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Zero Project Report 2019: Independent living and political participation

FEMBEK, Michael
January 2019

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The Zero Project Report 2019 focuses on Article 19 (Living independently and being included in the community) and Article 29 (Participation in political and public life) of the UN CPRD, as well as related topics such as Article 12 (Equal recognition before the law) and Article 13 (Access to justice)

For 2019 the Zero Project selected 66 Innovative Practices and 10 Innovative Policies from 41 countries that positively impact the rights of persons with disabilities in their ability to live more independently and to take part in political life

 

This Report is composed of five main sections, summarizing the annual research, followed by an Annex:

• Executive Summary, including background information on this year’s research topic and the Zero Project methodology

• Innovative Polices and Practices: Fact Sheets and Life Stories

• Description of the Zero Project–Impact Transfer programme

• Description of EU-grant-funded TOPHOUSE projects

• A summary of this Report in easy language

• An Annex listing all Zero Project network members active in 2018–2019

The Zero Project Report is also available on the Zero Project Website in an accessible pdf format.

 

Scaling up inclusive approaches for marginalised and vulnerable people. K4D emerging issues report

CARTER, Becky
JOSHI, Anu
REMME, Michelle
July 2018

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This rapid review summarises the evidence on how to scale up inclusive approaches to complex social change. It looks at how to design scalable inclusive change interventions, as well as how to plan and manage the scale-up process. Focusing on interventions with the aim of reaching the most marginalised and transform social norms, it covers programmes aiming to deliver inclusive outcomes for women and girls (with a particular focus on preventing violence against women and girls) and persons with disabilities. To date, many interventions seeking to change harmful gender and disability norms have been implemented as small-scale projects. There are limited experiences of scale-up and fewer evaluations of these experiences. However, there are some documented case studies as well as emerging analysis that draw out lessons learned. From this evidence base, this rapid desk review identifies eight critical issues commonly highlighted as important considerations when scaling up inclusive change interventions:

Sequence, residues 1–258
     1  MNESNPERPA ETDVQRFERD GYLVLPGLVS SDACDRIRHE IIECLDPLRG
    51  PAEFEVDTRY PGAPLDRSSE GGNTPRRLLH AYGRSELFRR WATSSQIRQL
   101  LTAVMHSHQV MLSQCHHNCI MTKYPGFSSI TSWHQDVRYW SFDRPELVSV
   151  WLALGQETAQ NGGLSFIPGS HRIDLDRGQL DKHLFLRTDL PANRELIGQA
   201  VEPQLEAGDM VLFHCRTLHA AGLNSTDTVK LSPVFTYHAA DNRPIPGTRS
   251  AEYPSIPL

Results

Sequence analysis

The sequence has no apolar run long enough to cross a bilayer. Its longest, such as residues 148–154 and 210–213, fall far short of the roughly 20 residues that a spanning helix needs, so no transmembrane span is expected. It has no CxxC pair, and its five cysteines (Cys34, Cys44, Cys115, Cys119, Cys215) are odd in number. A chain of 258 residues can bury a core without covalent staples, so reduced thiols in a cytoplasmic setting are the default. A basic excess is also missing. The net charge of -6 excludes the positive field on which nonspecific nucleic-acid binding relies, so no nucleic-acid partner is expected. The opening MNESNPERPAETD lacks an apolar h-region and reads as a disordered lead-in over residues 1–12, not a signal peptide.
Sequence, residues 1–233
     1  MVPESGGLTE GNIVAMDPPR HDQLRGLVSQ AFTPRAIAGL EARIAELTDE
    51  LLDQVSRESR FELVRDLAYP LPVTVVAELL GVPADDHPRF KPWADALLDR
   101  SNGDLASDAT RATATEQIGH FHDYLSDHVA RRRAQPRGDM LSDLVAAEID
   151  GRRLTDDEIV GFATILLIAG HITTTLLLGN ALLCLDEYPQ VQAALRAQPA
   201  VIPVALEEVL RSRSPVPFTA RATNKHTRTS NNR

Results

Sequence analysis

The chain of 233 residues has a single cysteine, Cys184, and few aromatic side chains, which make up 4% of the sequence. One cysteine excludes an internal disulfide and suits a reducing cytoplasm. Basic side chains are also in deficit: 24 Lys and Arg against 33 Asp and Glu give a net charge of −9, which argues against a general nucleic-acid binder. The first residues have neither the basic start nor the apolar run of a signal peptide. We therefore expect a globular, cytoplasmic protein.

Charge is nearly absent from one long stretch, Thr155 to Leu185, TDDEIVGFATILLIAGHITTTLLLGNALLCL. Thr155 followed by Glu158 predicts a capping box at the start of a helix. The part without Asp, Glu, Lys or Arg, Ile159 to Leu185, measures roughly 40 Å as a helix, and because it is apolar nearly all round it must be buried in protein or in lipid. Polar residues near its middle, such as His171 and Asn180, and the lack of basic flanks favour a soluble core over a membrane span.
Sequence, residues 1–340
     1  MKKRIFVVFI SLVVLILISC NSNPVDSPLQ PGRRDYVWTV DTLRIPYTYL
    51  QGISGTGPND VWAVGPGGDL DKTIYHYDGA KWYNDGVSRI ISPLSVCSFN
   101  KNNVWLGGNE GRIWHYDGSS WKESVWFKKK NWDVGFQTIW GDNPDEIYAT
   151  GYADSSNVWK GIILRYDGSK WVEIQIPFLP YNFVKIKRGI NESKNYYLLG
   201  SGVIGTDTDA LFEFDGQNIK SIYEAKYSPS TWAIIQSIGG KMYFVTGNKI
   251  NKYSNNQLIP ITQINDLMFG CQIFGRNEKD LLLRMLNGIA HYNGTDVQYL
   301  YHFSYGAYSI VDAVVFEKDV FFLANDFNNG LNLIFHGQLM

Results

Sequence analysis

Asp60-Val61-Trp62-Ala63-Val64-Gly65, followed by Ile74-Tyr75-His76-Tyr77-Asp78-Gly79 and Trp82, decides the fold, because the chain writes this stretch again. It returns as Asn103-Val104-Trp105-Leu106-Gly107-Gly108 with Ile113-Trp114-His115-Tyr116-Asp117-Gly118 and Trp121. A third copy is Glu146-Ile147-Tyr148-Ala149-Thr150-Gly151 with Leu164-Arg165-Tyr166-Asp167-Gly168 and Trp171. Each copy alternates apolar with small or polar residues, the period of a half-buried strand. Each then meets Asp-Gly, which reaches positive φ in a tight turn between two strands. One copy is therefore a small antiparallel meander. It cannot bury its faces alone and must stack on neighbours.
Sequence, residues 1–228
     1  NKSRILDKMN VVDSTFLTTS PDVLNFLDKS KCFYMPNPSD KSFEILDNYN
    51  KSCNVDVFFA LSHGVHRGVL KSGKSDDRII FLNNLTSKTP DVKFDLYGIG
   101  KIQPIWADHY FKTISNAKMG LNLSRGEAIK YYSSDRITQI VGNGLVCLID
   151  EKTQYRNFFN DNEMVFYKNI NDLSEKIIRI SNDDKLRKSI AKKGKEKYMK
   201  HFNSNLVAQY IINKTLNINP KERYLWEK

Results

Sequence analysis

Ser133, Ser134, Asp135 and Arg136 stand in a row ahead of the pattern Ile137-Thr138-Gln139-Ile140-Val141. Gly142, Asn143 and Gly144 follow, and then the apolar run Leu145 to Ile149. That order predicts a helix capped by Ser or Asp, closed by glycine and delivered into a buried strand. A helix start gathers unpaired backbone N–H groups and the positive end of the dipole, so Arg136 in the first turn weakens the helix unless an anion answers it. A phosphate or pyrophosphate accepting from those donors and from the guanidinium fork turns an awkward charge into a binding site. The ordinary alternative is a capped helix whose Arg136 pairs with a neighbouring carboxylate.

1. Opportunities for systemic approach, including integrating political and community-level scale-up, and coordinating across multiple sectors and stakeholders

2. Political support for scale-up

3. Strategic choices: balancing reach, speed, cost, quality, equity, and sustainability

4. Catalysing change: tipping points, diffusion effects, and local champions

5. Locally grounded, participatory, and adaptive approaches

6. Long-term approaches with funding models to match

7. Cost-effective and financially feasible scale-up strategies

8. Measuring impact and sustainability.

 

Scale-up pathways are discussed including: horizontal, vertical, functional and organisational.

A number of case studies are given.

Report of the informal consultation on stopping discrimination and promotion inclusion of persons affected by Leprosy. New Delhi, 14–16 Nov 2017

COOREMAN, Erwin
WHO SEARO/Department of Control of Neglected Tropical Diseases
et al
2018

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An Informal Consultation on Stopping Discrimination and Promoting Inclusion of Persons Affected by Leprosy was held in New Delhi from 14 to 16 November 2017. Forty delegates with diverse backgrounds, experience and expertise enriched the discussions. Persons affected by leprosy brought to the table the challenges faced in daily life and suggested actions to be taken to reduce stigma and discrimination related to leprosy. Representatives of national programmes presented actions taken in their respective countries. The participants acknowledged the fact that stigma and discrimination related to leprosy still exists at a significant level. Information about stigma and discrimination related to leprosy needs to be collected in a more systematic manner to assess the magnitude of the problem and to further plan activities to reduce it.

Key recommendations from the consultation included counselling and reporting of incidences of discrimination. Efforts should be continued to inform facts about leprosy to the community.